[00:11:38] It's like the world gets extremely real and and we get down to where all of that surface noise is gone because you have now touched life and death. It has been right at your doorstep and you've watched it happen and I think that's what happened to me. I just made a decision at that point that I didn't want to go through the motions anymore.
[00:11:59] I wanted to be [00:12:00] more real. I wanted to be more authentic. I wanted to more. To speak in deeper levels than I ever had before, and I wanted to know why I said things when I said him and why I did things when I did him. It just made me want to get through the layers of the surface. And I think that probably.
[00:12:19] was the big catapult that I needed to help me begin to start form in my mind this good or life concept and how we could affect others in the world and be real with everyone.
[00:12:33] Scott Maderer: And that, you know, part of what you said there, you know, one reason I deliberately ask. And use the word faith as opposed to religion or church or that kind of thing is because I think that picture of faith is bigger than just, do you go to church on Sunday?
[00:12:48] Absolutely it is. I think you can go to church every Sunday and not have faith and I think you can not go to church every Sunday and have a deep faith. Absolutely. I see value in church, but that's [00:13:00] not the, that's not the same. Great point, great point. So let's dive into the book a little bit. What are some of the, the building blocks or the principles, uh, you know, if you kind of had to give us a, an overview of.
[00:13:15] The good or life. What are some of those building blocks that you share in the book that you feel are important to helping us actually live that life? Yeah.
[00:13:23] Kendall Layman: So what I tell people is that first of all, the book is a short read. It's something you can read in a couple of hours that was done on purpose. Um, but it's also concepts and principles that you've heard before.
[00:13:37] Um, I'm not bringing anything new to the table. I'm just saying it as we talked about earlier in layman's terms, uh, which in my mind is more of a storytelling concept of hopefully, um, pictures in your mind and stories that I tell that help you understand these things better. Um, so I, the, the [00:14:00] main. Premise of the book is I have three essential attitudes that I call the foundation.
[00:14:06] Uh, if you can have these three, you're, you're starting off great. If you can take these three as your foundation and add to them six building blocks that I just expound on very quickly in the book, then, then you're off to a great start. I'll talk to you about the three essential attitudes because those are the foundation and it's thankful, being humble, And being respectful.
[00:14:30] And those are in order for purpose. Um, I am a huge person of of believing that a thankful heart and a thankful attitude can get us through a lot of hard times. Um, I've had it happen in my own life. I've watched other people do it. I'm a huge fan of Andy Andrews, who is an author, and he wrote a book called The Noticer.
[00:14:55] And he put in that book a quote that says, After all, the [00:15:00] seeds of depression cannot take root in a grateful heart. And, um, It's a very powerful statement. And while maybe that's not an absolute statement, um, I think it does make us think, you know, what I found one time going through a hard time was when we go through those hard times, we, we as humans, um, have a tendency to look inward to ourselves and focus on the problems we're having at that time.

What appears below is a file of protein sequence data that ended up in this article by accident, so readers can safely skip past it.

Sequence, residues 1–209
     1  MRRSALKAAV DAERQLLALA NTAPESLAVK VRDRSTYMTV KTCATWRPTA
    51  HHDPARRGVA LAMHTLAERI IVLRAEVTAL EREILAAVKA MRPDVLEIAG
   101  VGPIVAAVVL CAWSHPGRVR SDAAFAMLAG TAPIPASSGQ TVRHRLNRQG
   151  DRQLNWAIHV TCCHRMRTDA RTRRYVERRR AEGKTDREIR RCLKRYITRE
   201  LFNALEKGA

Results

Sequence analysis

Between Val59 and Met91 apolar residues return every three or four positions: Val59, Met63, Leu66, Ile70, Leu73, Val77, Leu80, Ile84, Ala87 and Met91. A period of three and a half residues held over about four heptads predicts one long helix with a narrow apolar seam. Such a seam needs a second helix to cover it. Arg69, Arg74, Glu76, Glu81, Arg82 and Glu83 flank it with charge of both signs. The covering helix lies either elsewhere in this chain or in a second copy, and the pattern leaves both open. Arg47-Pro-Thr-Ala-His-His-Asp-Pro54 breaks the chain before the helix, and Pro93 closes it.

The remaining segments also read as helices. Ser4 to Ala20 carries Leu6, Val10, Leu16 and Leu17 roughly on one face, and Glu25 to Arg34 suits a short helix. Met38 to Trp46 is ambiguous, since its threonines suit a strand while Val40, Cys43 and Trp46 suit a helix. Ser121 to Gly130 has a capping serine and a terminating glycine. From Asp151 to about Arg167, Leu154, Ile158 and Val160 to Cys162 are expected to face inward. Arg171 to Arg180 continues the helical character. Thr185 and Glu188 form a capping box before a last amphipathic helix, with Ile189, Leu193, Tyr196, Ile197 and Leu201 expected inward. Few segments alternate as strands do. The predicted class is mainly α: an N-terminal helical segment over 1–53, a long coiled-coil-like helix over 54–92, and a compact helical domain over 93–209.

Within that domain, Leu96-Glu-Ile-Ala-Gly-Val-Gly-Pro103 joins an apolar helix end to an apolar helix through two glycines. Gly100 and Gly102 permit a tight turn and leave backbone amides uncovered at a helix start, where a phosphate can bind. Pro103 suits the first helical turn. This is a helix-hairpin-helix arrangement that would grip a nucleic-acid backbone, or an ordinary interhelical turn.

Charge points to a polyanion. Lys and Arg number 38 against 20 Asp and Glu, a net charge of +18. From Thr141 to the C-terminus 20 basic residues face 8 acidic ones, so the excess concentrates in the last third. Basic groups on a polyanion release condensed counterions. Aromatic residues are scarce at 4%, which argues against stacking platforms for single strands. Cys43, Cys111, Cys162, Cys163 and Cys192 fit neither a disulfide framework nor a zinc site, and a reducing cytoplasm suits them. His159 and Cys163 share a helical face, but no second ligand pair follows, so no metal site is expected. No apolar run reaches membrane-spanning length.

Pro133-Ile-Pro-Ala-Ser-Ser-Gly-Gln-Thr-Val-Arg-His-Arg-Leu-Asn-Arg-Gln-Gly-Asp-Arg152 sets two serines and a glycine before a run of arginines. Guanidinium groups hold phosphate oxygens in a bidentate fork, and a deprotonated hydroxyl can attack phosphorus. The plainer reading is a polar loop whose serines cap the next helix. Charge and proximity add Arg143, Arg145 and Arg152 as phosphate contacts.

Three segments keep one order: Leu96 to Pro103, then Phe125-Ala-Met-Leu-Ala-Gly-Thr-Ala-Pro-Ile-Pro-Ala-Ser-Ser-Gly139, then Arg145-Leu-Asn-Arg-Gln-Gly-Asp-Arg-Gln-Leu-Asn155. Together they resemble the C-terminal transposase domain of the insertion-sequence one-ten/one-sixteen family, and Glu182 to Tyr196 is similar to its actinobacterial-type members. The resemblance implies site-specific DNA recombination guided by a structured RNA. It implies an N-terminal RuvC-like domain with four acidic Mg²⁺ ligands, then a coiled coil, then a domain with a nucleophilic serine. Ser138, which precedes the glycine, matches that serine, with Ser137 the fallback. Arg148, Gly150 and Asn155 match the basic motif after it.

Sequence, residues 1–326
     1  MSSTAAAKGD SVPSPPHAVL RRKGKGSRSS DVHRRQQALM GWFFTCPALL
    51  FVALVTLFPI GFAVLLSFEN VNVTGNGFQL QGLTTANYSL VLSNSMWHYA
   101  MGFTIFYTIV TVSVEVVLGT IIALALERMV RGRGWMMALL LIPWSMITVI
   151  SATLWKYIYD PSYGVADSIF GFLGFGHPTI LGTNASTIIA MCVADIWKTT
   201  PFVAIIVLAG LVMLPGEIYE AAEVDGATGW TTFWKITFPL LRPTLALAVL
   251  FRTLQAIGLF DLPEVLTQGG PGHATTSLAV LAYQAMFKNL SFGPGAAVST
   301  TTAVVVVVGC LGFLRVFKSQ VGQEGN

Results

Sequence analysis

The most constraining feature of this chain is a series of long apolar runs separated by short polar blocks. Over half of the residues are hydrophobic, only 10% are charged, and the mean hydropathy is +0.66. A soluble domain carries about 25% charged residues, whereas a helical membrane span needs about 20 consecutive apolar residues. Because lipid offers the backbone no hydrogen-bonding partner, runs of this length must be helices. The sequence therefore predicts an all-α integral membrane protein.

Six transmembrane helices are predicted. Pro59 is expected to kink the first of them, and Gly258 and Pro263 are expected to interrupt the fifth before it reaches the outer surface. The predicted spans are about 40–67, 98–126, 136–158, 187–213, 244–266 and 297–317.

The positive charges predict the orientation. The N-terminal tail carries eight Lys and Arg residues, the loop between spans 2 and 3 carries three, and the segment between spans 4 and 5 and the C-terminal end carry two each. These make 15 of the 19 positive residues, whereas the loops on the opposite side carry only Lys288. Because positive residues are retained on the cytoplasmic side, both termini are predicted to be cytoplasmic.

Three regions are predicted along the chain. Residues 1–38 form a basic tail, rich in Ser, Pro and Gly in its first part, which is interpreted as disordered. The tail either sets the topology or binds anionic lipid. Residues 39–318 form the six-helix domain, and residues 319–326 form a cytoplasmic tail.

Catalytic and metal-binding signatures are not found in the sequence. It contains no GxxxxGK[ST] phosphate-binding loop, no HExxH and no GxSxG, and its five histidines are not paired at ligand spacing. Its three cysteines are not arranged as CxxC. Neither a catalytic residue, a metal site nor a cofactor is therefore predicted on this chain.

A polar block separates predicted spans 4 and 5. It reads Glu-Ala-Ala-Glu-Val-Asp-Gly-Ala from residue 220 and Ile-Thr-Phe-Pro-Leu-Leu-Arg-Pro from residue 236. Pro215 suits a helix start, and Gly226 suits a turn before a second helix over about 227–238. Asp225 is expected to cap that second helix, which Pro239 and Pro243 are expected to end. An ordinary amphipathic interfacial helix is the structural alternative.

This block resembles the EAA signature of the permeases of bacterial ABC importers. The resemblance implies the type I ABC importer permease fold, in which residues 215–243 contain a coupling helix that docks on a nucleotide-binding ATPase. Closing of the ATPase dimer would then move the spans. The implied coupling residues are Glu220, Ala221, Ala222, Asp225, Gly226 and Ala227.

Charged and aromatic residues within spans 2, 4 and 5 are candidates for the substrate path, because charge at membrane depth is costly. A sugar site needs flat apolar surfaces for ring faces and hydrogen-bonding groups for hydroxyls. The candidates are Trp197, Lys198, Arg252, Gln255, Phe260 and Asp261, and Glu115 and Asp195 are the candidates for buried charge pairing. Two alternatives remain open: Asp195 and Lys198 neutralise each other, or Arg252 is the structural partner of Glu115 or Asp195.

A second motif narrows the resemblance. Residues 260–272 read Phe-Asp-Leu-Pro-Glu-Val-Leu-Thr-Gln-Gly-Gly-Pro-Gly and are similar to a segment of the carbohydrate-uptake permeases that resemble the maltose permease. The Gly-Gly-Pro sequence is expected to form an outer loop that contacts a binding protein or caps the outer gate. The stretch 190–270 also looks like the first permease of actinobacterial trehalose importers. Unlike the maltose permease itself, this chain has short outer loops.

[00:15:28] And it kind of consumes us. If you can take time every day, maybe in the morning and the evening, do it both times if you can, and maybe just write down three things you're thankful for. It forces our perspective and our gaze to turn away from ourselves and to look outward for just a little bit of time.
[00:15:47] And for that brief moment, we're not focusing on our own problems. And so it helps our perspective begin to change after thankfulness. I say humble. Um, because [00:16:00] humble is simply recognizing that we are not on this earth to see how important we can be, uh, but maybe to see how much difference we can have in the lives of others.
[00:16:13] And, um, I learned that as I went through life, well, I guess what I learned was, as I got older, um, I learned that I didn't know near as much as I thought I did when I was younger and, uh, one of the big things I've learned is that you don't have to be heard. Um, Always your words are not always right. Uh, and as as a humble person, you can be content to just listen.
[00:16:39] And, um, You know, I think that just comes along with being more mature and and as we do go through life with more experiences, gaining wisdom and being able to be that. And then lastly, respectful. You know, we've always heard the thing, especially in corporate worlds. You'll hear, you know, let's treat the janitor the same way you [00:17:00] treat the president and and and treat people the way you want to be treated.
[00:17:05] Um, you know, in the end, uh, what, what is the quote? I remember for dust, you are and dust, you shall return. We all are that, um, we may have all of these possessions around us or some may not have any possessions, but we're all human beings and we should at least respect each other because of that. So, if we could put those three things in action in our lives, thankful, humble, respectful, I look at that as a fantastic foundation to build upon, uh, with the building blocks that I talk about in the book.
[00:17:39] And somebody can read about those and they're just purpose. Listening, being a thinker, being aware and making good choices. And then finally finishing the job you start.